Kalray was founded in 2008 as a spin-off from the CEA (the French Department of Energy lab) one of the largest research labs in Europe, capitalizing on over 60 years of research and development on new architecture processors. The fabless semiconductor company is a pioneer in developing a new generation of extreme-computing, low-power and low-latency microprocessors. To better understand how Kalray’s processors will power data centres, autonomous vehicles, healthcare equipment and robots, we sat down with the vice president of its data centre unit Randy Skelley to find out more.
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GPUs moved away from VLIW because of power and performance. Why are you going against the grain?
VLIW architecture have been well recognized for applications that targets compute intensive applications like signal processing, video processing or AI.
The VLIW is the only architecture answering to the requirements of Kalray’s targeted markets (Datacenter and embedded), enabling to combine the ease of programming of a general purpose CPU, the performance of a DSP and time predictability.
These are the features that have also motivated Xilinks to use a VLIW architecture to address the same markets with the ACAP platform.
MPPA architecture offers many advantages over GPUs:
- A better ratio in terms of performance, price and power consumption
- The ability to build complex systems based on a single processor whereas GPUs need to be combined with other resources (CPU, FPGA)
- The ease of development: MPPA can run standard code, OS, tools and libraries
Can you expand more on your extreme computing, low power and low latency expectations? More specifically, What TFLOP count for what power on what workload?
Our upcoming Coolidge processor based on Kalray’s Massively Parallel Processor Array (MPPA®) architecture is a breakthrough in the industry, with performance that is 3X-8X its nearest rivals. Kalray next generation chips will deliver up to 25 TOPS / 6 TFLOPS. This performances scale perfectly with the number of chip used in the application thanks to the unique MPPA architecture.
The Coolidge processor will have very low power consumption (5W-15W), which allows integration into confined systems as well as for massive deployments in datacenters and low latency, which allows data analysis on the fly with a great level of integrated safety. For storage applications, the MPPA processors achieve a 3-µs latency for a 4KB IO processing, using a low latency RDMA stack.
Are you going to sell the chips or just the IP à la ARM? Do you have any licensing plans?
Our economic model is based on selling processors first and foremost, but also complete solutions developed around these processors: boards, software and hardware development platforms and tools, especially for artificial intelligence, to help clients develop their own products. Nevertheless, selling technology licenses as part of strategic partnerships could be considered in the future.
You mentioned full programmability when referring to the Kalray’s Massively Parallel Processor Array (MPPA) architecture. Is that an extension of the FPGA paradigm or something totally new?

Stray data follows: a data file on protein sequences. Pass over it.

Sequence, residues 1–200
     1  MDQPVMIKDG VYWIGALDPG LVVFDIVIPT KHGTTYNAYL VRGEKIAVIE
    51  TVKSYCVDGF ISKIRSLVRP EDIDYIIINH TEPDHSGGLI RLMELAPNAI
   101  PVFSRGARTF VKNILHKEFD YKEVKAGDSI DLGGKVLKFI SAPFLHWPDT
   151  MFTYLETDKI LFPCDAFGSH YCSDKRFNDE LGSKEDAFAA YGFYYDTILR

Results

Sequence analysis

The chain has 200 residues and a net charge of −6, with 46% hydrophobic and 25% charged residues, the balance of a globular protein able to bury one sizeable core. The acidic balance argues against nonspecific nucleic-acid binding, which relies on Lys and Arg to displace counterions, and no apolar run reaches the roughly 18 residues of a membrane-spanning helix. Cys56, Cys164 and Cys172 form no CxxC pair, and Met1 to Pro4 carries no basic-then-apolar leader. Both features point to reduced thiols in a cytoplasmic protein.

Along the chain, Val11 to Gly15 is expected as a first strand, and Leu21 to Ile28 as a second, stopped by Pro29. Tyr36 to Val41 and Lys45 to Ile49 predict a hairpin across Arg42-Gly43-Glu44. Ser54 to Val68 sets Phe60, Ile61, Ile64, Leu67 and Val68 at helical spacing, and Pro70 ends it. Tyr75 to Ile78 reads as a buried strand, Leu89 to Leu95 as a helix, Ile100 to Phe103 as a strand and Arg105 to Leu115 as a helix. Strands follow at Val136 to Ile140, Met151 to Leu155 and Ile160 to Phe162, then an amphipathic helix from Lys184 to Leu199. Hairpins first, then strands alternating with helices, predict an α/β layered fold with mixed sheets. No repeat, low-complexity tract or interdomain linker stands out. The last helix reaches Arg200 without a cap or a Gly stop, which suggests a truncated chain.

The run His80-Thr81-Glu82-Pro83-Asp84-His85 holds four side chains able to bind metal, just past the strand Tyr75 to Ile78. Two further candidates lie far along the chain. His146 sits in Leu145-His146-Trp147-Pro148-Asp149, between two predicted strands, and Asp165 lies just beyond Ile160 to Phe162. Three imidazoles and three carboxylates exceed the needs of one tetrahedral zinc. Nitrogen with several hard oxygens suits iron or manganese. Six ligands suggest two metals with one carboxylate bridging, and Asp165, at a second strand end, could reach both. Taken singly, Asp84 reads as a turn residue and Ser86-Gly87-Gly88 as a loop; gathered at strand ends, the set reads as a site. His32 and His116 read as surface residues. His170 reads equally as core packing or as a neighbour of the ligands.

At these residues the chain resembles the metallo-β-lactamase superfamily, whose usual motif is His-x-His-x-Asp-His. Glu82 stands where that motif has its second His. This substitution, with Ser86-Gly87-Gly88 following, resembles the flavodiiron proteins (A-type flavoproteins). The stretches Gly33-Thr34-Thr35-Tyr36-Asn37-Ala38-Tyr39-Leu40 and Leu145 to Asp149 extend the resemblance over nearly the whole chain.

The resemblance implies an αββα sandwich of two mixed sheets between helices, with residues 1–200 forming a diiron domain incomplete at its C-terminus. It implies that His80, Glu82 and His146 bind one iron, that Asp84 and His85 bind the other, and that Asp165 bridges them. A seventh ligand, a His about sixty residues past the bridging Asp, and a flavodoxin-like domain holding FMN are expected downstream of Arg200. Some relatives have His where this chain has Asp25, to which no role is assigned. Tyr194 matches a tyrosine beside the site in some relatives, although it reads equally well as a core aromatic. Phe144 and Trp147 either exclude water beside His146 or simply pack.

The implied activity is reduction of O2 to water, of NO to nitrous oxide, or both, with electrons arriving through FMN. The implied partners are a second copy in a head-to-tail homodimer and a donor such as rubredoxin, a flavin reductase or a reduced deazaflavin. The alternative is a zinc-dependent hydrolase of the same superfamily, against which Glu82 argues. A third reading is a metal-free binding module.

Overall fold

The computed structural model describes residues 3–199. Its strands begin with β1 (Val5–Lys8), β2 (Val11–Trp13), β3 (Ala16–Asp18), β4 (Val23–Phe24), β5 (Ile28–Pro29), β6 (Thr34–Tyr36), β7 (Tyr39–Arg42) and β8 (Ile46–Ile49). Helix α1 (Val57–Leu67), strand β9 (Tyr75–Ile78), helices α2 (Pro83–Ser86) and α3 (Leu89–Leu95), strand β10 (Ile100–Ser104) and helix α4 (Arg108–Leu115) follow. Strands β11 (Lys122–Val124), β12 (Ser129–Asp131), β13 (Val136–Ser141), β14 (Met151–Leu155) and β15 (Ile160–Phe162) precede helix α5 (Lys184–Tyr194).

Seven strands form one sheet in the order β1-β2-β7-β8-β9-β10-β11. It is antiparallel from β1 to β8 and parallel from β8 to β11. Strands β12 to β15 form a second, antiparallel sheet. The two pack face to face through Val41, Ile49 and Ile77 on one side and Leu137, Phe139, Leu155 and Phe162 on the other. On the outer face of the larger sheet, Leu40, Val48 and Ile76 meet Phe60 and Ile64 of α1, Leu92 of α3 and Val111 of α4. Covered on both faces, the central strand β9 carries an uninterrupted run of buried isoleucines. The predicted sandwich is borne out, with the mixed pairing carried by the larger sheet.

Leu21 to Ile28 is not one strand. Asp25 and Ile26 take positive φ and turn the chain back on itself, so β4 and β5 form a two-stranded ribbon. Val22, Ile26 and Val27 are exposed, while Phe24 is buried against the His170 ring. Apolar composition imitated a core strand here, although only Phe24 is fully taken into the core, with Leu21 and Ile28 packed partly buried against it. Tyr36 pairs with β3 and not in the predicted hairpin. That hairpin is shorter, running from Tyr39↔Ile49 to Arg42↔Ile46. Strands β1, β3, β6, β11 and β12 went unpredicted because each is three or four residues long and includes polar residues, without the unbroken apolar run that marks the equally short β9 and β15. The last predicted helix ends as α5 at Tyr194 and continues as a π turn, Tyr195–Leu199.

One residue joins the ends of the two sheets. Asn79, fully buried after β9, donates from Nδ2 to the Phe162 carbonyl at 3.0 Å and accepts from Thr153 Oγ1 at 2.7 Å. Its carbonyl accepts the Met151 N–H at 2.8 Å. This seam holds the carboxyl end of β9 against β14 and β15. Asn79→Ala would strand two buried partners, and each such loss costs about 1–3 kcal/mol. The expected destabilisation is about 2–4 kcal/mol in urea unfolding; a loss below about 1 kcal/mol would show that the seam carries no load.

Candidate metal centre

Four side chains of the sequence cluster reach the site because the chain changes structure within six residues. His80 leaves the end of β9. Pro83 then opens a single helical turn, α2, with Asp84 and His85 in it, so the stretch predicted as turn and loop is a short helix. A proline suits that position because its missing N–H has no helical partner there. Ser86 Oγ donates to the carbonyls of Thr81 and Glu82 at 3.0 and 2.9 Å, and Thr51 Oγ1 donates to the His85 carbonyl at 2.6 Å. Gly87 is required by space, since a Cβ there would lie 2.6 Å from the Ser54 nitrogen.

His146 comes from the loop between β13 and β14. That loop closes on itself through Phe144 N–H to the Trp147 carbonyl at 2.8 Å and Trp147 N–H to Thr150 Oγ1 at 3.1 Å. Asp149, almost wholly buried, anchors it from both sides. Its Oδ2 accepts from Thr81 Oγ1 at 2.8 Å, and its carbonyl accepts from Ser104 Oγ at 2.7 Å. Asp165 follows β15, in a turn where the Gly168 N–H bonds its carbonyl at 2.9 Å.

The Kalray solutions are based on open-software development environments. This is a significant asset compared to competitors’ solutions, which use proprietary languages. Indeed, proprietary language raises several issues: the need for programmers with that specific skillset and the induced lack of freedom and flexibility. The MPPA technology allows clients full programmability based on the standard C/C++ development environment and standard OS from open source / Kalray’s third parties.
What do you see as the biggest area of growth for Kalray and what are your biggest challenges?
We are focused on two priority markets where the need for real-time performance and programmability can be addressed with one single processor: the data center market, namely intelligent storage; and the market of next-generation vehicles, i.e. intelligent cars. These are high-potential growth markets that have experienced a technological breakthrough and are being infiltrated by intelligence more and more. They will be worth over €1 billion each in 2021.
Our biggest challenge is to pursue our technological roadmap and commercial deployment all at once, but our IPO has given us the means to do that.
Tell us more about your next generation Coolidge processors. How can you achieve these levels of performance and what prevents the competition from emulating what you're doing?
For the third-generation MPPA processor, the outcome of nearly 10 years of R&D, we have opted for an 80-core basic chip (as opposed to 288 at present). A very interesting aspect of this processor architecture lies in the possibility to assemble more dies alongside one another in one package to increase the overall performance: Kalray can fit several dies in the same package, providing performance from 80 to 160 cores per processor, and adapt power consumption to meet any market requirements. This is our main competitive advantage. Whereas our competitors are upgrading and retrofitting their products to address the needs of intelligent systems and artificial intelligence, our architecture was specifically designed for that – to complete up to 80 critical tasks in parallel.
Randy Skelley, VP of the Data Center Unit at Kalray (opens in new tab)